|Laughing hard @ nothing|
At the time of Rubyfruit Jungle’s publication, this was probably the heroine that the lesbian and queer community needed - audacious, unflinching, irreverent, and indestructible. These are qualities which queer women have historically aspired to in order to survive. However, as both a modern reader and a modern queer woman, it seems to me that Molly possesses these qualities in unbelievably pure form. Her careless, blustering rants lend an appearance of two-dimensionality to her character. I admire Molly's strength, but she feels most authentic when the author shows her vulnerability.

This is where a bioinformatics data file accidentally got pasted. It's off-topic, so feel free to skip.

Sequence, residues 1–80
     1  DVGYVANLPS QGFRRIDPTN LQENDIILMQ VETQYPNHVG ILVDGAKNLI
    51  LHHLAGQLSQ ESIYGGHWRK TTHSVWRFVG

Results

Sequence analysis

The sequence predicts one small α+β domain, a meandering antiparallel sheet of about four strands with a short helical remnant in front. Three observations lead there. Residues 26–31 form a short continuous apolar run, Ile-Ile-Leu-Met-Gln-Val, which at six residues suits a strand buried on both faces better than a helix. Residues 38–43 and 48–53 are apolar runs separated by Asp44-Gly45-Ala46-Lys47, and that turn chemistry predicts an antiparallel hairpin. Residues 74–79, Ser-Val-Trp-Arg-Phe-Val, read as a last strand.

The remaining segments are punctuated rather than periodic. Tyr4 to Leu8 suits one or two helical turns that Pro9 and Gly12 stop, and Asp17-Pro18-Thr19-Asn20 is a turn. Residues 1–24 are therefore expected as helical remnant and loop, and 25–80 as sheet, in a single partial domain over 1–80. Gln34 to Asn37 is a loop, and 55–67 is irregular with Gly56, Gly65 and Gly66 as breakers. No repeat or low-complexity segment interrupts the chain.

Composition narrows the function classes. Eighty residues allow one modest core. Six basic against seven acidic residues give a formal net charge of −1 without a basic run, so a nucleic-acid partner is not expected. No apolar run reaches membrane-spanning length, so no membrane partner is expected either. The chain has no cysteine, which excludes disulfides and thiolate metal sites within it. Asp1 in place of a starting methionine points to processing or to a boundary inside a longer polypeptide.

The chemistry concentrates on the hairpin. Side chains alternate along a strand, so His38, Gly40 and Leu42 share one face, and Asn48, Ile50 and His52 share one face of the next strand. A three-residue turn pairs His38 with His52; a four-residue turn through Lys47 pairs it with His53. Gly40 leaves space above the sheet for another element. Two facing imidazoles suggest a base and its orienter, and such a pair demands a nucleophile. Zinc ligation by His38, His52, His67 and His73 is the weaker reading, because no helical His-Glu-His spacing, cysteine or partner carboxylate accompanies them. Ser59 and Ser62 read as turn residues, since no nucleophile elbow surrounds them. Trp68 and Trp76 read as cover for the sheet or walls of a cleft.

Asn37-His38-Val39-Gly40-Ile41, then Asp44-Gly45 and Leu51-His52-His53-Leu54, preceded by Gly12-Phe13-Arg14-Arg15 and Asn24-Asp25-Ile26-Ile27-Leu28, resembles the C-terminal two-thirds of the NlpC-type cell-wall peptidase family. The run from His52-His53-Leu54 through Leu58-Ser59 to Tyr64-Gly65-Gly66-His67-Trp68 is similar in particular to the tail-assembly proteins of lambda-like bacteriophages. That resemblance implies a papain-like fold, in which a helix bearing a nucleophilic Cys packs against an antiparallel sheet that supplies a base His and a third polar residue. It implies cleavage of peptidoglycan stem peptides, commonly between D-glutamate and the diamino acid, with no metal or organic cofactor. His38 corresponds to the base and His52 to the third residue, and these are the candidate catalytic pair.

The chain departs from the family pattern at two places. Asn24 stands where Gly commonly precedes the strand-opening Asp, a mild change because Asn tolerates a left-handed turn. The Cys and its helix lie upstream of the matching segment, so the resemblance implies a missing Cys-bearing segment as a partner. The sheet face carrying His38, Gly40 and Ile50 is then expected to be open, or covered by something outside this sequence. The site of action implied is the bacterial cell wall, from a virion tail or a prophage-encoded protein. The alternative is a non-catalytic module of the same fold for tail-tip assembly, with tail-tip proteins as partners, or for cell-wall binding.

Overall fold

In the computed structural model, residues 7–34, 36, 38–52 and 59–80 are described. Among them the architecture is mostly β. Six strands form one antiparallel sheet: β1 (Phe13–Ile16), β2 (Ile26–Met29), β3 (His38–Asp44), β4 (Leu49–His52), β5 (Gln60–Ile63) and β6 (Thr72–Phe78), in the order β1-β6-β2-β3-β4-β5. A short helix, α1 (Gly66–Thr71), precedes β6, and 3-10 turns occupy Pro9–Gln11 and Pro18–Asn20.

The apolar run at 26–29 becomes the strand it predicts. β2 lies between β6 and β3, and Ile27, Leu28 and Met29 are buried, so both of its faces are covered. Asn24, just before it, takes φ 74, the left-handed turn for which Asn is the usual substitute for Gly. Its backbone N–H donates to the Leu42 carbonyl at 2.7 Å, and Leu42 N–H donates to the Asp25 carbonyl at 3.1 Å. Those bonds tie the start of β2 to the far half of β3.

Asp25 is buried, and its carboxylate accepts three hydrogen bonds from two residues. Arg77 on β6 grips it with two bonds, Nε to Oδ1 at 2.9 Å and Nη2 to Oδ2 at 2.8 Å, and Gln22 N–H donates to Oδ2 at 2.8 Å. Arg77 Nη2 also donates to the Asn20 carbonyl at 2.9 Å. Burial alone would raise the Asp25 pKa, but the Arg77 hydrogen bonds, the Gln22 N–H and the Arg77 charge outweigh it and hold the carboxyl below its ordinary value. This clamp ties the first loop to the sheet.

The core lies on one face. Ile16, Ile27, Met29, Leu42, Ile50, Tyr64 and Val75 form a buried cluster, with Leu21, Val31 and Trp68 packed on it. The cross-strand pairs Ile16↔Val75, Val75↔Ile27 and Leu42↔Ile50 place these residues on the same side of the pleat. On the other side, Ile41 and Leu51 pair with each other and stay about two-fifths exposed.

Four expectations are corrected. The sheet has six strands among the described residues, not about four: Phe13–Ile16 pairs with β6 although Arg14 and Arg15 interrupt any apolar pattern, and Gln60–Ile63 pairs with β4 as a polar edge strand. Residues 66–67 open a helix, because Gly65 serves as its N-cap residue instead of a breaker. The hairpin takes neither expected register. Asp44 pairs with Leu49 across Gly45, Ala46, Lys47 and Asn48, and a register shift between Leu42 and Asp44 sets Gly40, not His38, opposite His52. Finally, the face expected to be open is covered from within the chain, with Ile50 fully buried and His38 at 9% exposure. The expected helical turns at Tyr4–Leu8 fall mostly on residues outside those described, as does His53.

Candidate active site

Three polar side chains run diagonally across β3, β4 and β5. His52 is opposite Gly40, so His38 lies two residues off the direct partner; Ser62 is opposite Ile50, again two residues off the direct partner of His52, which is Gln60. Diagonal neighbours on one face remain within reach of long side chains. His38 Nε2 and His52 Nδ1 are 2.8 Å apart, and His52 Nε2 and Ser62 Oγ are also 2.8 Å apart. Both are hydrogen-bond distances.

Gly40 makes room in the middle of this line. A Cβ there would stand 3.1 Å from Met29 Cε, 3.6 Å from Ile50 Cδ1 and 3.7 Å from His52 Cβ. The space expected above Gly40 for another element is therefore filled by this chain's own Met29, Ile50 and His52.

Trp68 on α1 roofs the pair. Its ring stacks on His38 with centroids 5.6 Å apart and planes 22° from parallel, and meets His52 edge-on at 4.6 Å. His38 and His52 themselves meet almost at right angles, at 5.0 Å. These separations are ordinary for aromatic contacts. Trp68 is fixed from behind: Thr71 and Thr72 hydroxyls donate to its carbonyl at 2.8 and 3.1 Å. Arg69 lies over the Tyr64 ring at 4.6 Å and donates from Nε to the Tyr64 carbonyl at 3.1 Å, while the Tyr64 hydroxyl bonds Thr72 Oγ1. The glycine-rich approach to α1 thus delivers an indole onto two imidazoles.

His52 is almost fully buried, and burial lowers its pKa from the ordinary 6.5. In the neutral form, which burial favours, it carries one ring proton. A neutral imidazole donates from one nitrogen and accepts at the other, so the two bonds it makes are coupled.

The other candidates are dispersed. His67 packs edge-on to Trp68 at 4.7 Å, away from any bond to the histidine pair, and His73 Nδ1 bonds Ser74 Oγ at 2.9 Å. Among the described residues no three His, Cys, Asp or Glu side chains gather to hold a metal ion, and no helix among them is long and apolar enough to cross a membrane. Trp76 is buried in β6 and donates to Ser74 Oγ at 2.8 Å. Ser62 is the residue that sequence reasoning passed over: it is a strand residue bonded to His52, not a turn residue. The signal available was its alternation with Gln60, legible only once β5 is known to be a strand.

All that aside, I loved Rubyfruit Jungle for its portrayal of romance and sexual exploration between women, in addition to academic and artistic barriers to queer and straight women alike. I also enjoyed the use of setting to chart Molly's growth as a character - she spends her childhood in Pennsylvania and her youth in Florida, but comes of age in New York City. I especially liked the section about her years in the city because I love reading about twentieth-century queer culture in NYC. There is a lot to love about this coming-of-age story, including its radical place in history.